In the field of bone tissue engineering and regenerative medicine, generating patient-specific stem cells has been a long-standing goal. Human bone marrow mesenchymal stem cells(hBMSCs) are the current gold-standard cell source for many tissue-engineering therapies and have been successfully applied in clinics. However, hBMSCs are hampered by an invasive harvesting procedure, limited availability, and loss of potency in
seniors or patients with certain diseases and disorders. Human umbilical cord MSCs (hUCMSCs) are capable of differentiating into mesenchymal lineages. They are easily and abundantly available, with robust proliferation and self-renewal capability due to their origin in neonatal tissues . The main obstacle of hUCMSCs is immunogenic concerns when used heterologously. For autologous applications, the umbilical cord has to be properly cryopreserved from childbirth for an extended period of time.
The harvested hiPSC–MSCs, hUCMSCs and hBMSCs were used in the following experiments.
Cells were seeded onto the RGD-biofunctionalized CPC disks in 24-well plates at a density of
3 ×105 cells/well . On the second day, the medium was changed into osteogenic medium which
consisted of the MSC growth medium supplemented with 100 nM dexamethasone, 10 mM
?-glycerophosphate, 0.05 mM ascorbic acid, and 10 nM 1a,25-dihydroxyvitamin (Sigma) .
At 1, 7 and 14 days, live/dead staining (Molecular Probes, Eugene, OR) was used to test cell
viability on CPC. Disks were washed with PBS and incubated with 4 mM ethidium homodimer-1
(EthD-1) and 2 mM calcein-AM in PBS for 20 min. The disks were examined using
epifluorescence microscopy (Eclipse TE2000-S, Nikon, Melville, NY). The percentage of live
cells P and the live cell density D were calculated as previously described . P = number of live
cells/(number of live cells + number of dead cells). D = number of live cells in the image/the
image area. Two randomly-chosen images for each sample were analyzed with three disks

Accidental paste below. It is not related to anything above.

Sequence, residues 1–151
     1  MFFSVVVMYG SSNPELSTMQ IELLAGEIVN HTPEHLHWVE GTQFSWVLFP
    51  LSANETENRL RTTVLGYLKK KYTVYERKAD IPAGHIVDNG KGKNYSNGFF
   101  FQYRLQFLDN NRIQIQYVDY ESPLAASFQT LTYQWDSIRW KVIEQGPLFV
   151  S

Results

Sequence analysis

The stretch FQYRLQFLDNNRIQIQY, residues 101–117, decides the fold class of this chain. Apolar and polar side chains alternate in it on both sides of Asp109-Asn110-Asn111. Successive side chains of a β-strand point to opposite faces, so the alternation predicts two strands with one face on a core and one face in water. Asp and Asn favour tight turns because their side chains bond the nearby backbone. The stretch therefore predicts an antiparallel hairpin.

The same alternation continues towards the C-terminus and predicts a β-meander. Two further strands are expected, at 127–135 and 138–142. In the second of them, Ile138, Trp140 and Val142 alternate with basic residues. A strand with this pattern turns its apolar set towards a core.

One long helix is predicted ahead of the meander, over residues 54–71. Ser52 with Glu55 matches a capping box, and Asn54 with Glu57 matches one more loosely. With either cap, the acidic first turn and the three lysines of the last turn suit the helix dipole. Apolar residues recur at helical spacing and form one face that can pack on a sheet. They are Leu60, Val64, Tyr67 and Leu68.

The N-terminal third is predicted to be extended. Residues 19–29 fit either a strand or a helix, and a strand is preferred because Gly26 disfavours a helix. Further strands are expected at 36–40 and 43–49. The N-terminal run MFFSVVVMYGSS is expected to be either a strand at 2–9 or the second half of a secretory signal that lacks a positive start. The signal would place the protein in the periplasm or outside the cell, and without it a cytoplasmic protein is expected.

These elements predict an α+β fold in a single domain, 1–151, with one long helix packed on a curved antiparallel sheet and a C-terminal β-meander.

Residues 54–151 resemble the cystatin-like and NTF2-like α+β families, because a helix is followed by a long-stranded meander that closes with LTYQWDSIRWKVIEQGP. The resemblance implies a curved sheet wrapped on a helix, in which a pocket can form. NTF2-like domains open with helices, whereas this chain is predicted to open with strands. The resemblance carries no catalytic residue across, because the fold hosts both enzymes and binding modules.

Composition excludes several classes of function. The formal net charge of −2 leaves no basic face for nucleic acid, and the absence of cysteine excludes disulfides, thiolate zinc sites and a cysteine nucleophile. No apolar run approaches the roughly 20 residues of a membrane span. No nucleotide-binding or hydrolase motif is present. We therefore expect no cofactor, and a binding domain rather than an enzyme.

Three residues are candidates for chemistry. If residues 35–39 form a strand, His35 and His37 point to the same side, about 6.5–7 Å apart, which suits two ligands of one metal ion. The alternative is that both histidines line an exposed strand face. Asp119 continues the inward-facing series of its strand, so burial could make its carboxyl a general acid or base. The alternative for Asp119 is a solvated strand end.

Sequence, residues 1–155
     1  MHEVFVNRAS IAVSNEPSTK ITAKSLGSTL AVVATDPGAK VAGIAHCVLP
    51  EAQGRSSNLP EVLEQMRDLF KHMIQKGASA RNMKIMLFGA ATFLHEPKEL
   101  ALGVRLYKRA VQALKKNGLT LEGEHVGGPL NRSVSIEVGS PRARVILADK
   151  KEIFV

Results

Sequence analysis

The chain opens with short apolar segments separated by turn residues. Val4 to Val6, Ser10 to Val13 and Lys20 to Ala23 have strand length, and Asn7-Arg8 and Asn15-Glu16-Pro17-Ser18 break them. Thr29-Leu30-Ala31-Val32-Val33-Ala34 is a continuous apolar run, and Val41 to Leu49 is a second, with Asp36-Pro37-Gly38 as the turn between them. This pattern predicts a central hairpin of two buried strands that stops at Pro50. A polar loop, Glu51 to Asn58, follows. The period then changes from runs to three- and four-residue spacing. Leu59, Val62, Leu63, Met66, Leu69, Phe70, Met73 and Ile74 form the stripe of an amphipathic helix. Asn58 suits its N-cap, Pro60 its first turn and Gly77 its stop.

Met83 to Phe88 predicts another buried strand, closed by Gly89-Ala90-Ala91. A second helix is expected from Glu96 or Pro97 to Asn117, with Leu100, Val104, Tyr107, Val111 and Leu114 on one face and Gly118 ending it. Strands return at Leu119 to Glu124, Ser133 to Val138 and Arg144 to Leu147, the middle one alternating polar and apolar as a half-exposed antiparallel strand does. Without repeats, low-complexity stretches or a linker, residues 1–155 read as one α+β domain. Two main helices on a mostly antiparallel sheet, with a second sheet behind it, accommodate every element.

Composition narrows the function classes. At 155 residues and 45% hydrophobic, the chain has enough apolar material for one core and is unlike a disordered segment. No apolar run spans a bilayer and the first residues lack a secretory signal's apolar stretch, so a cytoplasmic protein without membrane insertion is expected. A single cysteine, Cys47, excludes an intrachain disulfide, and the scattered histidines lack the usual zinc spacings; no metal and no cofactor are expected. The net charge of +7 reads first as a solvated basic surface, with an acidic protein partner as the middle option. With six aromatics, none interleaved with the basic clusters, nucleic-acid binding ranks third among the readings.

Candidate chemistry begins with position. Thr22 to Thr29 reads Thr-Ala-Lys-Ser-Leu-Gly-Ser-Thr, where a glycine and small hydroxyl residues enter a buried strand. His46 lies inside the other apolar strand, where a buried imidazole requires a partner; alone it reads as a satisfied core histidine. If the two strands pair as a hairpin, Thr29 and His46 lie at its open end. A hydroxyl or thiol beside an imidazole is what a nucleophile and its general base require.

per condition, yielding six images per group at each time point (technical replicates n = 6).
The test was independently repeated three times (biological replicates = 3) on three
different days by seeding new batches of cells on new batches of CPC disks.
Fig. 1. Cell viability when seeded on CPC scaffold. Live/dead staining of cells at 1 day and 14 days are shown in (A–F). In all three groups, live cells were abundant, and dead cells were few. Percentage of live cells on CPC was around 90% (G). All groups exhibited increasing live cell density (H). Bars with dissimilar letters indicate signi?cantly different values (p < 0.05). Each value is mean ± sd (technical replicates n = 6). The test was independently repeated three times (biological replicates = 3).
For osteogenic differentiation, at 1, 7 and 14 days, RNA was extracted from six cell-seeded disks per group per time point. Two disks were pooled together as an individual RNA sample to have suf?cient amount of RNA (technical replicates n = 3). The test was independently repeated
three times (biological replicates = 3) on three different days by seeding new batches of cells on new batches of CPC disks. The total cellular RNA was extracted with TRIzol reagent (Invitrogen) and PureLink RNA Mini Kit (Invitrogen), and then reverse-transcribed into cDNA by a High-capacity cDNA Reverse Transcription kit (Applied Biosystems, Foster City, CA). TaqMan gene expression kits were used to quantify targeted genes on human alkaline phosphatase (ALP, Hs00758162_m1), Runt-re-lated transcription factor (Runx2, Hs00231692_m1), collagen type I (COL1, Hs00164004), osteocalcin (OC, Hs00609452_g1), and glyc-eraldehyde 3-phosphate dehydrogenase (GAPDH, Hs99999905).Relative expression was evaluated using the 2DDCt method and normalized by the Ct of the housekeeping gene GAPDH. The Ct val-ue of hiPSC–MSCs, hUCMSCs, hBMSCs cultured on CPC scaffolds in growth medium for 1 day served as the calibrator .